The red helicopter was the highest helicopter rescue in the world. We were the star well above it. There was no rescue for us. I love the fact that most geese and ducks fly only that high by the way. That’s my favorite part of that slide. That was the deadliest day on the mountain in history and one of the worst natural disasters in the world. What does that mean? 9,000 people died that day. 9000 people in the port and 19 dead on the other side of the mountain just over from where I was and my comrades. That’s a big day.

But where that day began was 12 years before, because what happened next, if I don’t put it into context you will assume I’m crazy. If you don’t think I’m crazy already. 12 years before, I sat on my father’s deathbed. It was two days before he died. He held my hand and he looked into my eyes. Now understand I’m a Welshman, working class boy from West Wales, a tiny little village called Langham, where I come from most of the men are completely emotionally challenged. So the fact that my dad was holding my hand looking into my eye was a bit weird anyway. But he lay there and he said this: ‘Son, I’ve been such a fool. I haven’t lived my life fully. I regret so much’. That’s the day it changed for me and that’s when I actually stepped up for the first time and said, ‘I am going to live a life of no regrets. I am not going out the same way. On my deathbed I’m going to have a different answer. That’s my choice’ and that’s where it changed. That’s where it changed me.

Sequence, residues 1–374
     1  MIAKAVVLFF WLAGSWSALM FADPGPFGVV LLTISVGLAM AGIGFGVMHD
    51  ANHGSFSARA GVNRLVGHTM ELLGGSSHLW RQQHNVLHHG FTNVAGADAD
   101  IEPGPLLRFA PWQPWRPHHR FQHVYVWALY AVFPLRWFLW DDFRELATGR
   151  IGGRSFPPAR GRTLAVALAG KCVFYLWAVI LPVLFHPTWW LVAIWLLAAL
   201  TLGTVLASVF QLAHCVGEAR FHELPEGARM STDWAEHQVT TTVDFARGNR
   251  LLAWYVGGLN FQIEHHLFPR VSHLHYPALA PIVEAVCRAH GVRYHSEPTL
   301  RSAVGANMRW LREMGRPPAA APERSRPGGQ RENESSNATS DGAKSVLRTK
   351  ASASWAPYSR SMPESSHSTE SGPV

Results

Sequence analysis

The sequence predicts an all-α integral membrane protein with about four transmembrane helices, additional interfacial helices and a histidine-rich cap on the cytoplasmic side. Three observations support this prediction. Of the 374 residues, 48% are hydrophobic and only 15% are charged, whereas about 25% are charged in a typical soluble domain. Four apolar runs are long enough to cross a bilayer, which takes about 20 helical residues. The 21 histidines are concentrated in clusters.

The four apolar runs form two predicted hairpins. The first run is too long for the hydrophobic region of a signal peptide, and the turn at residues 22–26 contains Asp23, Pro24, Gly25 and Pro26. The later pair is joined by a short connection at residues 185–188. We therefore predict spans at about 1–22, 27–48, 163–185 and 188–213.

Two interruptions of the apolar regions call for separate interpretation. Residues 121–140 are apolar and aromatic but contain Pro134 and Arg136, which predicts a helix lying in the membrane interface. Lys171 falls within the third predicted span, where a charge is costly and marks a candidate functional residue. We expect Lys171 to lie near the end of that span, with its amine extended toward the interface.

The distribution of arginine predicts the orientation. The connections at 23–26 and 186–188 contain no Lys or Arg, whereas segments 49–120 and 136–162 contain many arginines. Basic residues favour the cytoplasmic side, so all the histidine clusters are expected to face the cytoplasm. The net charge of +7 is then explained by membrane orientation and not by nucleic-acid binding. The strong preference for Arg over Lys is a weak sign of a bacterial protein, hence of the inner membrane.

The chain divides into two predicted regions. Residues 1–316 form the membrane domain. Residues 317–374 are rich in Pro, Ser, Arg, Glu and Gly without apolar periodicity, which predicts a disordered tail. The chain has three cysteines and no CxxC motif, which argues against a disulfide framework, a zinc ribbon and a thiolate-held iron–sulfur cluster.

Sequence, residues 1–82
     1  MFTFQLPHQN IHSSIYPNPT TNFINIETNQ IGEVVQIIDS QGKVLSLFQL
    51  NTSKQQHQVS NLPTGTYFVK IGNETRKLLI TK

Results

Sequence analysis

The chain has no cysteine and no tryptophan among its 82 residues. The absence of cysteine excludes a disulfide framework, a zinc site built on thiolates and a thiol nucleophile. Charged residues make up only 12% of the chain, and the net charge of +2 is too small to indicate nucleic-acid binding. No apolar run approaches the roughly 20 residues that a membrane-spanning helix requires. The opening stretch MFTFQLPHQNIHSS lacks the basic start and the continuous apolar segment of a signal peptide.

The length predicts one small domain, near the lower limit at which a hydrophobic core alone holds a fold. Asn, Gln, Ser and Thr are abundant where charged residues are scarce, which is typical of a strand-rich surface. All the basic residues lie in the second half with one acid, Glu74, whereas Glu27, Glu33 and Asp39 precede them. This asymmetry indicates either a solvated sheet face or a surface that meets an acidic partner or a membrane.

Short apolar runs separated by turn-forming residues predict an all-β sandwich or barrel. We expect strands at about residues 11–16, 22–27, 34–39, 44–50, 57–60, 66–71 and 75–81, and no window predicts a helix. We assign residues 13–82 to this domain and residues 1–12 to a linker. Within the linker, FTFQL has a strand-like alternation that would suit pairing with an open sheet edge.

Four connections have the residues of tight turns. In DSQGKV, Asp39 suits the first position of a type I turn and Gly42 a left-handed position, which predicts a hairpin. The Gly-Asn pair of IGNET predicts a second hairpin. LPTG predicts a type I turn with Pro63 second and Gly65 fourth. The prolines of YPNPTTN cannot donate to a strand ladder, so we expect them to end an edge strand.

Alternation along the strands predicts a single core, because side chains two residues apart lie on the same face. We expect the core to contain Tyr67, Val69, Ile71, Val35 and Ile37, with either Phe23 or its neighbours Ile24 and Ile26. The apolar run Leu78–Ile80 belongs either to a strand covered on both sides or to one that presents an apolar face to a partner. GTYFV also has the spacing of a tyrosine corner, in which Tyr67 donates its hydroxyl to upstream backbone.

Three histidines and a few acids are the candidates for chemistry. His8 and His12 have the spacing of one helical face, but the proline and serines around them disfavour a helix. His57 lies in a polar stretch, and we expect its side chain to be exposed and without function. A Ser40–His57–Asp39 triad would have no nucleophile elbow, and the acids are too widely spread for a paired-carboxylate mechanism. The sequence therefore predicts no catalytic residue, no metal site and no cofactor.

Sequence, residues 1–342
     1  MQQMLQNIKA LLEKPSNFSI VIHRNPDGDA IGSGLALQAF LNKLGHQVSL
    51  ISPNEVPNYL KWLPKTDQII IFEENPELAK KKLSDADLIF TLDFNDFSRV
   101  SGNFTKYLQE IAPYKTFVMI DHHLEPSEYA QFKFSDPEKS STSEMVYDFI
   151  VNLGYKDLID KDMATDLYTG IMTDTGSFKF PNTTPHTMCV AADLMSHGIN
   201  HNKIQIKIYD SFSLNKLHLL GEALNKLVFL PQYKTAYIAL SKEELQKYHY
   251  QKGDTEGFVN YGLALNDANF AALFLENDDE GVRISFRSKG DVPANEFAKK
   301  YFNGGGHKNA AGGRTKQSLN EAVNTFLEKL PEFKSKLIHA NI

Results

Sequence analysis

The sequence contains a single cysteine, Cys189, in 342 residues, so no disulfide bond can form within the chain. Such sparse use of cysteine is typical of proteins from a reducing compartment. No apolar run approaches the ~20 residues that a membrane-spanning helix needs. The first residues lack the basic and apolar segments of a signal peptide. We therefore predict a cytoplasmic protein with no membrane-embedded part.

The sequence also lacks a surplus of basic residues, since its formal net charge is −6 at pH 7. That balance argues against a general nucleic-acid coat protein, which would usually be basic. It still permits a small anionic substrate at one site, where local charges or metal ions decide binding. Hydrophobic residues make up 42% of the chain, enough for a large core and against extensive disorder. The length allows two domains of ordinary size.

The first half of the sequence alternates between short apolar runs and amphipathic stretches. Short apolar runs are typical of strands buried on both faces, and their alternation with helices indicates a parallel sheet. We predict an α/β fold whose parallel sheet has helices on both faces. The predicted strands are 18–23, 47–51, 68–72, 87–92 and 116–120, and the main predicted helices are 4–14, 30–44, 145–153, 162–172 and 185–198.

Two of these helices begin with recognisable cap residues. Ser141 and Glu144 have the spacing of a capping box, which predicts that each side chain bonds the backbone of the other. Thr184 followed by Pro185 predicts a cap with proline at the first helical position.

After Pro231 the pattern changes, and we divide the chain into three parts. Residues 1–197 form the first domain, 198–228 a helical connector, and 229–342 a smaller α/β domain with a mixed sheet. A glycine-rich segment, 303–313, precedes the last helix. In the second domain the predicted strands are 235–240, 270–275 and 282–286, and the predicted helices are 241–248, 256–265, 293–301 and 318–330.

Now at that point if you’re going to go big, but if you’re going to go with no regrets, go big. So I decided to do the Global Adventures Grand Slam, and that involved climbing seven of the highest mountains in the world, running six marathons back to back across the Sahara Desert, six marathons across the jungle and Ironman and the two Poles. Why through an Ironman, and that was the hardest one by the way. And every year I have gone ahead and done one of those things, to the point now, we’re kind of doing most of them.